A lesson on being Christ to each person we meet. But how do we achieve this?
In the Gospels, Jesus tells us how to help the needy, the widow, the orphan, and the poorest.
He demonstrated it by performing miracles and by his teachings. But he addresses it directly in the Gospel of St. Matthew 25: care for the sick, attend to the prisoner, the stranger, clothe the naked, feed the hungry and tend to the thirsty, bury the dead.
He left these tasks for us to do with compassion, love and devotion and in his name. They are not suggestions, but rather, mandates. How have we taken them seriously or how are we practicing them?
And what makes them mandates?
Because that’s what a true Christian ought to do. In response to these needs, it’s like we do it for him (Matthew 25), and he warned of the ramifications of ignoring them.
I’d like to mention an inspirational citation of St. Teresa of Jesus (of Avila):
“Christ has no body now, but yours.
“No hands, no feet on earth, but yours.
“Yours are the eyes through which Christ looks with compassion into the world.
“Yours are the hands with which Christ blesses the world.”
Additionally, Bishop Richard F. Stika constantly reminds us to be “the face of Jesus” to each other. Something that isn’t as easy as it sounds is being Christ to each person we meet.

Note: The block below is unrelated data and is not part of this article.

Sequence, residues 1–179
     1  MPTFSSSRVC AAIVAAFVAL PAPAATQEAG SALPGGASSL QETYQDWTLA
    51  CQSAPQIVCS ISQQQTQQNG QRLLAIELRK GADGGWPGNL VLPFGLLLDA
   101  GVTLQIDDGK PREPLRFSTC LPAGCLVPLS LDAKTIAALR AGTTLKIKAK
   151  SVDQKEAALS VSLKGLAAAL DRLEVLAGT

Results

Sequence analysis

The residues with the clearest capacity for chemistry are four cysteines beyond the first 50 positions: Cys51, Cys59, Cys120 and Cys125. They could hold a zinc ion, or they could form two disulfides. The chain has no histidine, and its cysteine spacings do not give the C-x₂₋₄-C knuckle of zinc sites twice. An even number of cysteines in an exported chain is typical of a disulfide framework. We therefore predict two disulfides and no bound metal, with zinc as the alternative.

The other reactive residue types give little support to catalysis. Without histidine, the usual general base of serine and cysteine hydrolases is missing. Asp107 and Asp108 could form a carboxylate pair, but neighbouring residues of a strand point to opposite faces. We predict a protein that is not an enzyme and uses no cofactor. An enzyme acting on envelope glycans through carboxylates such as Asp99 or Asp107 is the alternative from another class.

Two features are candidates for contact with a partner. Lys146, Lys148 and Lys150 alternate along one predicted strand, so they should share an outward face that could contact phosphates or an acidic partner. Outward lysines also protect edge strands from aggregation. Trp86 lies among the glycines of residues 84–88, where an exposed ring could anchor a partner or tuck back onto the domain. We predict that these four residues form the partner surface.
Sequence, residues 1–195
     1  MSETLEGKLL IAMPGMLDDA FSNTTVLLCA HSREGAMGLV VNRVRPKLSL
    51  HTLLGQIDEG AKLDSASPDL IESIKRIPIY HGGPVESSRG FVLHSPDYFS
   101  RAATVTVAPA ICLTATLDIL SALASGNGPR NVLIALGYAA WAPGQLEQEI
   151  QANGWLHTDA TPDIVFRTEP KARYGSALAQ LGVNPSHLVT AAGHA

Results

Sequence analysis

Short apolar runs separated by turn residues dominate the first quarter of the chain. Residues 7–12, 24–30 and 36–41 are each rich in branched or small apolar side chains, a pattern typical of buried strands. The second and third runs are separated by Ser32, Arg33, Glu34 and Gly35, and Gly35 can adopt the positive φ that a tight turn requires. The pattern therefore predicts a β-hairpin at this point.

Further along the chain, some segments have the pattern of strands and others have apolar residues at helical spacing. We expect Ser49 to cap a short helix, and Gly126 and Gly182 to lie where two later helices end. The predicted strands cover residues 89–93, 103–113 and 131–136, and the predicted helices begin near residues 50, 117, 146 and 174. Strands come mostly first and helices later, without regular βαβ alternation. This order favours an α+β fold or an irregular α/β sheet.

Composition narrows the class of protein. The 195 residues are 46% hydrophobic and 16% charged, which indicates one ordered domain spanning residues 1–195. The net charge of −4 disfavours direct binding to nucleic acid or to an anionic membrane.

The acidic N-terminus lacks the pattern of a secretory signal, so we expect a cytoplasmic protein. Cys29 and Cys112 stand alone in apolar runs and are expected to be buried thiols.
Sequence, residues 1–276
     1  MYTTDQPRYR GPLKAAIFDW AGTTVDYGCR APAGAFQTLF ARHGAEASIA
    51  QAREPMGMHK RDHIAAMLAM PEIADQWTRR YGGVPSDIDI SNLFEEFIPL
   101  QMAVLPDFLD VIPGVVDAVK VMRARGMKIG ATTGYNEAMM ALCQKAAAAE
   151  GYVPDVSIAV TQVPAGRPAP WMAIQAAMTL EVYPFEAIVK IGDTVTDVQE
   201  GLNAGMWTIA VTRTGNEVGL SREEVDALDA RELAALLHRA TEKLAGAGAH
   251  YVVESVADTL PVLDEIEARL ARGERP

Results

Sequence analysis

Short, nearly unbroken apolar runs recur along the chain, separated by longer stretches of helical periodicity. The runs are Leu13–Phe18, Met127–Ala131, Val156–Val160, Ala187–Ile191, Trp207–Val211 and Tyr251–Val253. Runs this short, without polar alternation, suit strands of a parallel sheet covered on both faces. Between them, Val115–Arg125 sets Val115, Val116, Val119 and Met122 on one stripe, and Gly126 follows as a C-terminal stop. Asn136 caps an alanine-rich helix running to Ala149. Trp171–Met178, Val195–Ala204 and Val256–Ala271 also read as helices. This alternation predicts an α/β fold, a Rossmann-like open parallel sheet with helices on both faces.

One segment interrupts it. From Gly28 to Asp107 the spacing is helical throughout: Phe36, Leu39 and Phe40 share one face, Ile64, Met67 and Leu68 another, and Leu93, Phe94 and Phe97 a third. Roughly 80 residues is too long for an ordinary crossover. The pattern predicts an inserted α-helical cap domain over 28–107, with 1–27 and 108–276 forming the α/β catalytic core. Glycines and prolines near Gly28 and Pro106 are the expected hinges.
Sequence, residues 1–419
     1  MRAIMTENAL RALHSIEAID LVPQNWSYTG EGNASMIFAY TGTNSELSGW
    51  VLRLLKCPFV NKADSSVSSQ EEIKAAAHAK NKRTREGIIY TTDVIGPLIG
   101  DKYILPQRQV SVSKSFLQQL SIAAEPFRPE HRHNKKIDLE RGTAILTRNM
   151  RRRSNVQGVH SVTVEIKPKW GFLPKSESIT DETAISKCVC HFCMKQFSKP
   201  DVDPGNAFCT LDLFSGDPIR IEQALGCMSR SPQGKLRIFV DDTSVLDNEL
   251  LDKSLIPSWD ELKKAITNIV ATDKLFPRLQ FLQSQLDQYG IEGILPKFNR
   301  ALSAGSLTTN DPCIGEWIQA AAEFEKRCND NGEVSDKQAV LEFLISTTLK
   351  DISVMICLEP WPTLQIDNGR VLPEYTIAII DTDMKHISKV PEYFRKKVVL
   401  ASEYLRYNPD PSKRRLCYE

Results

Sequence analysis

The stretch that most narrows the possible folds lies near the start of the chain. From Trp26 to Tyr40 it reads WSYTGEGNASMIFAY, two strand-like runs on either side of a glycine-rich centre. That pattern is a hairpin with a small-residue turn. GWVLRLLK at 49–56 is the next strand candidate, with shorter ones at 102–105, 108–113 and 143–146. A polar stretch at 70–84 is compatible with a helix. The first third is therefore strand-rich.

During my current personal crisis of illness, I want to share with you that when we hear Christ does not abandon us and he attends to our needs … it is Christ himself who will be there for you through the hands and feet of believers around us who are part of our family of God.
First there was my blood family, then friends and acquaintances, clergy and religious, fellow staff members and the people who make up our church communities and medical staff, as in my doctor and nurses.
I have been attended for the last six months by many people who have provided me with their love, affection, care and with their daily prayers; brought me Sunday Communion; offered Masses, novenas and promises; brought me flowers and plants; sent me inspirational cards.
Then they provided for my needs such as meals for three people for almost two months, tending to my yard, taking me to the doctor and translating, sitting with me when I have been able to receive visitors.
I’ve been really surprised, wondering where is all this coming from? I am humbled by the faith and compassion they have shown me with no expectation of reward—fully following the teachings of our Lord.
I do not have the right words to thank those who helped me and are now walking with me during my recovery. In particular, I thank my siblings and my children and parents who have been with me in spirit and those who have visited.
I owe a huge debt to my first cousin, “Lolis,” whom I asked to look after me during this time and who has been by my side day and night for almost six months. I am humbled by her demonstrations of affection, care and dedication to my recovery. This has been a great lesson of faith for me to see the hands and feet of Christ come to me in my hour of need.
Thank the Lord for his teachings and for all the believers who practice them.
Lourdes Garza directs the diocesan Hispanic Ministry Office.